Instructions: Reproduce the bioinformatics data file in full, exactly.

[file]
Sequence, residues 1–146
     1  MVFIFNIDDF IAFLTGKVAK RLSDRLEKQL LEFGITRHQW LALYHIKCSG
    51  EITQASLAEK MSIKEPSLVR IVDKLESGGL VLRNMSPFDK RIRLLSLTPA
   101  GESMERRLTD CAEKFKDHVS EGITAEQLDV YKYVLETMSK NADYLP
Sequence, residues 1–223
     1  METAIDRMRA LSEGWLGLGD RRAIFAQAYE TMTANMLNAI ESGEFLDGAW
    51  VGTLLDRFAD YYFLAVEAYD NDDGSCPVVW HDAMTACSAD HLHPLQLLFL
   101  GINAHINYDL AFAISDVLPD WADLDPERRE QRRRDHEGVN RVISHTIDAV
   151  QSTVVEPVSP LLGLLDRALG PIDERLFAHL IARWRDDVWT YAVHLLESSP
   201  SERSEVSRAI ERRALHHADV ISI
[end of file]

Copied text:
Sequence, residues 1–146
     1  MVFIFNIDDF IAFLTGKVAK RLSDRLEKQL LEFGITRHQW LALYHIKCSG
    51  EITQASLAEK MSIKEPSLVR IVDKLESGGL VLRNMSPFDK RIRLLSLTPA
   101  GESMERRLTD CAEKFKDHVS EGITAEQLDV YKYVLETMSK NADYLP
Sequence, residues 1–223
     1  METAIDRMRA LSEGWLGLGD RRAIFAQAYE TMTANMLNAI ESGEFLDGAW
    51  VGTLLDRFAD YYFLAVEAYD NDDGSCPVVW HDAMTACSAD HLHPLQLLFL
   101  GINAHINYDL AFAISDVLPD WADLDPERRE QRRRDHEGVN RVISHTIDAV
   151  QSTVVEPVSP LLGLLDRALG PIDERLFAHL IARWRDDVWT YAVHLLESSP
   201  SERSEVSRAI ERRALHHADV ISI